These early life exposures were fundamental to my understanding of difference. Languages, foods, living conditions, customs, values, were “interesting, but different.” To be explored and understood. I would go on to have other experiences with First Nations friends (Tyendinaga Mohawk Territory, Huu-ay-aht First Nation). Further life experience has led me to engage with people and explore cultures in Mexico (6 weeks), Egypt (14 months), Cyprus (1 month), South Africa (6 years), Hungary (5 weeks), Niger (2 months), Ghana (6 weeks), Sri Lanka (8 months), India (2 months), and The Philippines (1 month).
OK, thanks for all that, Dan, so what’s your point?
“Applied anthropologists use their knowledge of peoples and cultures for practical purposes.” How does this knowledge and experience of diverse peoples help us in this current conversation? One of the applications of anthropology is to the discipline of intercultural communications, which aids in the development of intercultural competence.
Intercultural communication is defined as situated communication between individuals or groups of different linguistic and cultural origins. This is derived from the following fundamental definitions: communication is the active relationship established between people through language, and intercultural means that this communicative relationship is between people of different cultures, where culture is the structured manifestation of human behaviour in social life within specific national and local contexts, e.g. political, linguistic, economic, institutional, and professional. Intercultural communication is identified as both a concept and a competence. Intercultural competence is the active possession by individuals of qualities which contribute to effective intercultural communication and can be defined in terms of three primary attributes: knowledge, skills and attitudes.
Let’s catch up. Psychology situates the debate in individual terms, sociology as systemic and collective. Intercultural communication (an area of applied anthropology) says, "hold on, let’s sit down and figure out what’s going on and how we can move forward." This debate has individual, social, cultural, linguistic, political, economic and institutional implications. Meaning, engagement and dialogue is complex and any simplistic, reductionist media bites (on either side) completely miss the point.
The person who says “get your act together and pull up your bootstraps, Colten/Gerald” is missing the more complex work that needs to be done. As is the person who says “systemic racism caused this tragedy, we need to deconstruct the system.” It’s clearly both/and. But you know what? – all that takes time and commitment to engage, while suspending judgement in the meantime. And “the meantime” may take a long time.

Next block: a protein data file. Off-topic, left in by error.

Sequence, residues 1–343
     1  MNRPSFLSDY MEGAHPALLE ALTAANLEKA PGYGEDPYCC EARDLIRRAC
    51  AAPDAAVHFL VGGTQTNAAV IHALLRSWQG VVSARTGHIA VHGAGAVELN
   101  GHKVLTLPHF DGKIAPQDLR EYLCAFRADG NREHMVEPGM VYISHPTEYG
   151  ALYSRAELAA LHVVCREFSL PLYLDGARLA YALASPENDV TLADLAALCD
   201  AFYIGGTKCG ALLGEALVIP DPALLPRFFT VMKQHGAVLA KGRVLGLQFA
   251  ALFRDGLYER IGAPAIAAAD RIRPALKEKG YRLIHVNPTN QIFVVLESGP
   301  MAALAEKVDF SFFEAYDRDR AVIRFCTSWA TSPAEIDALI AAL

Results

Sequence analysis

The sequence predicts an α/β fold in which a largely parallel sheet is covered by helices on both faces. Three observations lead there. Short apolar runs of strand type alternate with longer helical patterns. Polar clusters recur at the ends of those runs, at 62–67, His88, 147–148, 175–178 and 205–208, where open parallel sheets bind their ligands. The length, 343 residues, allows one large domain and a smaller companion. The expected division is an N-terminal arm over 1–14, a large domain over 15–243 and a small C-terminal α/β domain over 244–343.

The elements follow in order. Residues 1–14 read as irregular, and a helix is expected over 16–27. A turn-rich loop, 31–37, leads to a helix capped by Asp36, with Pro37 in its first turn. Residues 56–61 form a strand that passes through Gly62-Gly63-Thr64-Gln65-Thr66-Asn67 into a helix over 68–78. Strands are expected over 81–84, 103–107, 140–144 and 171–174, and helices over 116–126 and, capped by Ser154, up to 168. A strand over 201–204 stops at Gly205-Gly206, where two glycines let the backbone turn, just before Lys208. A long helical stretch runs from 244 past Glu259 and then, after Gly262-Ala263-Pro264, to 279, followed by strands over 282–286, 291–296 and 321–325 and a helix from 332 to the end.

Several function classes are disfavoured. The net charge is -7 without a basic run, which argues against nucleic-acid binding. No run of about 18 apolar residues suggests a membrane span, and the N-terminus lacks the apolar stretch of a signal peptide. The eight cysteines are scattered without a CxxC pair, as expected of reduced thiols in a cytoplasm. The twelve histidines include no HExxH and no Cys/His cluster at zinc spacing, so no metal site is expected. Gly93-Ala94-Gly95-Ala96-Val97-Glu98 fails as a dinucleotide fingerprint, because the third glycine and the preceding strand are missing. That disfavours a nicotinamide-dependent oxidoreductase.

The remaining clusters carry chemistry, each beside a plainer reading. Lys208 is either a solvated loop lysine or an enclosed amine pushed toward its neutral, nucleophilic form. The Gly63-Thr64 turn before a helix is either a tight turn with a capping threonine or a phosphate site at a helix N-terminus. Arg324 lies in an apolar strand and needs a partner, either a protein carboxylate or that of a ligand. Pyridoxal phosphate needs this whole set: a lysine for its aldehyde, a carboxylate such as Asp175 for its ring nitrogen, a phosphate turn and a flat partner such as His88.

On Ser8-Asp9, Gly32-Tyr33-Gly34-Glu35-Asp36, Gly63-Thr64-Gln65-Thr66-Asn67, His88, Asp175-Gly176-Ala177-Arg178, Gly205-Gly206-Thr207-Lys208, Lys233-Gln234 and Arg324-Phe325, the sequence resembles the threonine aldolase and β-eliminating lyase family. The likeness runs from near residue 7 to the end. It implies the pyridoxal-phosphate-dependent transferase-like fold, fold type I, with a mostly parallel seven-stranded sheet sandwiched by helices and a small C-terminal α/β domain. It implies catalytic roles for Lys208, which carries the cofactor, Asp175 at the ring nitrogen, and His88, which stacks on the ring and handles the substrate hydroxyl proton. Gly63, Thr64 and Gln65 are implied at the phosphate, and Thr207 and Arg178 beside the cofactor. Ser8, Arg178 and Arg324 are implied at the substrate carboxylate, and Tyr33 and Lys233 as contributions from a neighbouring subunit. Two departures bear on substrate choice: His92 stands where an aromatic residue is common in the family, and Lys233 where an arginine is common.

Intercultural communication/competence provides these clues to the work that needs to be done:
- Am I sufficiently motivated by curiosity, by justice concerns, by empathy (whatever) to engage in a sustained manner, over time, with differences?
- Am I prepared to pay attention to myself (my attitudes, values, behaviours) and to others (attitudes, values, behaviours) so that observations, reflection and insight from experience with difference begin to alter my perceptions, assumptions and sensitivities?
- Will I engage in increasing knowledge acquisition regarding cultures, institutions, histories, values, roles, conventions, and behaviours of the people I find myself among?
- Will I adjust my behavior to the needs of a given cultural context for the sake of respected communication? Will I apply acquired communication practices to my engagement with people of other cultures?
And that’s my point. I’m tired of the debates – they only lead to further polarization, an entry-level phase of developing intercultural competence. I’m tired of the arm-chair, sophomoric social philosophers. I’d rather just sit down and spend some time engaging with, and learning from, someone who sees things different from myself – and doesn’t feel a need to convert me to their way of thinking. Maybe after I’ve listened long enough, I might get a chance to respectfully share my thoughts.
So I would respectfully suggest the beginning point is individual response (engagement, rethinking, changed behaviour) that leads to changes in systems, over time, because enough individual responses produce systemic change.